The figure of the double haunts and sculpts Arturo Ripstein’s Bleak Street. This black-and-white drama about the misery of the marginalized—pimps, criminals, beggars, and sex workers—features a roster of uncanny partners. There are the inseparable, aging prostitutes with a penchant for roofing their clients’ drinks, a set of perennially masked twin midgets working as shadows for wrestlers named Death and AK-47, a cross-dressing husband shadowing his wife, and a mother who, upon learning of the death of her children, reaches for the wardrobe mirror, banging her head against it, distraught for not being able to enter it. It’s impossible to watch the film and not think of Cocteau’s Blood of a Poet or Bergman’s Persona.
More interesting than Bleak Street’s narrative is the way Ripstein uses light to pierce his characters, to assault them, to cut them up. If the camera moves around the titular street like a diligent drone, surveying wretchedness as it would a landscape, the lighting turns everything it hits into a volcano of allegories, wounding them necessarily. Or rather, turning their wounds into visible evidence. The background sounds are so abstracted that there’s no claim of realism here. Redolent of Dogville, it’s as if this were a theatrical dimension, or a trip around the creases and folds of a sound stage. This is a strange, if not ghostly, stylization of the most human of all realities: agony.
Bleakness, Arturo Ripstein’s film implies, demands different kinds of labor from a man than from a woman.
In one specially striking scene, the camera watches a prostitute give her cross-dressing husband a handjob from behind, both staring into a mirror, his lightly made-up face and her semi-naked back the only lit elements in the pitch-blackness of their bedroom. His head could almost be floating out of his body toward hers, Méliès-style. Yet, like the desperate mother failing to enter the mirror, Bleak Street’s characters are cursed with the inability to become one, forced to witness a just-as-nasty version of themselves at all times.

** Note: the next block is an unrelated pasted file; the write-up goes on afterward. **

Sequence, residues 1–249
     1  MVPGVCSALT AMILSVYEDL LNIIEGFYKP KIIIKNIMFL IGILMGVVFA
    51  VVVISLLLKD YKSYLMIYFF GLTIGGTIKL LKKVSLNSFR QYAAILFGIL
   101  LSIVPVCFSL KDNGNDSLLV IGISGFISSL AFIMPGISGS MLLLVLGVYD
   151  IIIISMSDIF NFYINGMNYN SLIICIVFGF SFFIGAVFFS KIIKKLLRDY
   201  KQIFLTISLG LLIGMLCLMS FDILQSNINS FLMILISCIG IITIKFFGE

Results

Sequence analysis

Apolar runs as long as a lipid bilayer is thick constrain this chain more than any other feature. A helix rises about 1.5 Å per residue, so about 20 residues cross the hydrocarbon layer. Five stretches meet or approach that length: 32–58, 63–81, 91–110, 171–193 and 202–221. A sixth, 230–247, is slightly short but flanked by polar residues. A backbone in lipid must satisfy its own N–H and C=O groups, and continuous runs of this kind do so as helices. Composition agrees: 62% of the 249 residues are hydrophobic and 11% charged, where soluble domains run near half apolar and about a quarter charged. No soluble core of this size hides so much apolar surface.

This game of barely lit faces, of faces injured by light, percolates from the homes into the street, there being little distinction between inside and outside states. The street appears as the extrapolation of one’s bedroom, a type of living room for all folk, private enough for dirty dealings, sufficiently public for a work economy to take place. Bleakness, the film implies, demands different kinds of labor from a man than from a woman.
While everyone is forced to make do with the inapt materiality of their bodies (too small, too old, too male) and the duality of their semblances, it’s women’s faces that become valueless through time. It’s women’s faces that are exposed with no cessation. Women must open their legs “like plumbing,” as one sex worker puts it, while men duke it out in the rink, wearing their badges of honor—their masks—all day long (even to have sex and to shower), but never truly performing. Their immunity to the ravages of time, and so much else, remain untested, frozen in the form of latency. The wrestlers in the film always look ready for battle, but not once do we watch them fight, their very smallness a reminder of the fictitiousness of any phallic promise. As one twin says to his brother, “reflection is a serious business.”